The lesson of these two episodes seems to be that Arab states can at least coordinate their diplomatic and even military efforts when a common, sole major threat is perceived. This coordination, however, depends not on structural underpinnings of integrated sovereignties, but on the immediate political calculations of incumbent Arab leaders, left unconstrained by state or multilaeral decision making institutions.

The lesson of these two episodes seems to be that Arab states can at least coordinate their diplomatic and even military efforts when a common, sole major threat is perceived

Those leaders are, therefore, free to terminate that cooperation when they see fit, as both Sadat and Saddam Hussein did. Arab cooperation, in short, although more a reality than Arab unity, has historically also been a fragile, transitory phenomenon, as demonstrated yet again by the recent severing of diplomatic relations between Saudi Arabia and its allies, on the one hand, and Qatar on the other.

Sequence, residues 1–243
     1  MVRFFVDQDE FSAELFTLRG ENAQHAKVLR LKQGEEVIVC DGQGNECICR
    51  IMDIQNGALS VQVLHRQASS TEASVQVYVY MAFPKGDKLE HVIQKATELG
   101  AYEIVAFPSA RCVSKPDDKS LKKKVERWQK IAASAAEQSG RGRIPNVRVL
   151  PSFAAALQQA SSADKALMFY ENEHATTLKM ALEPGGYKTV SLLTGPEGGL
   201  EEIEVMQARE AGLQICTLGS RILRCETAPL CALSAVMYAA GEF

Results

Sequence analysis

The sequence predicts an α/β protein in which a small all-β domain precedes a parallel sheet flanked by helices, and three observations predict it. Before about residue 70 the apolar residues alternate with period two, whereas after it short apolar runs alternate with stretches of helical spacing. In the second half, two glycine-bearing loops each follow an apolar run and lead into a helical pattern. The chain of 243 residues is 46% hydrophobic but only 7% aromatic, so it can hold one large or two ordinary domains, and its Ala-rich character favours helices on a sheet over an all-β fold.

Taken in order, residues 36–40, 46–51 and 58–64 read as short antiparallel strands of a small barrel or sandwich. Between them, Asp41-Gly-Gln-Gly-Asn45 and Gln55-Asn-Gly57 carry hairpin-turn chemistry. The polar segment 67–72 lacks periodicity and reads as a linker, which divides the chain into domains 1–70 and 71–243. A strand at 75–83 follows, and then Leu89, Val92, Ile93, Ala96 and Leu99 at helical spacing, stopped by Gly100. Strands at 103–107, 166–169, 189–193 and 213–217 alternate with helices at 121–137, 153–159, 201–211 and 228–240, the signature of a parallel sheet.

Until this sudden fracturing of the GCC it had appeared that a third phase of inter-Arab cooperation might be about to commence, driven now by the renewed threats posed by Iran, Sunni jihadis, and the breakdown of order in some key Arab states and the threat of disorder spreading in others.

After all, these threats may be even more existential than those posed by Israel from 1967 and Iran after 1980. 

  Read more: The second Nakba: Marking 50 years of Israeli occupation

The Saudis were seeking to orchestrate renewed Arab cooperation, in turn backed by the US, thus replicating the previous pro-Iraq, anti-Iran phase. Only in this instance cooperation seemed intended to take a more structural, formal, public form, and to include Israel, at least at a tactical level. So the Saudis were significantly raising the ambitions and the stakes of the proposed third round of Arab cooperation.
 
Initial signs were that they were enjoying some success, at least in Trump's Washington and even in Jerusalem, where the Netanyahu government was watching carefully to see what material and strategic benefits it might derive from playing along with Riyadh, balanced against the costs of concessions it would have to make to the Palestinians.

Second, the broad coalition the Saudis were seeking to cobble together contained potential internal contradictions

Cairo had been bought off, at least for the time being, and had visibly distanced itself from Tehran while embracing the Saudis.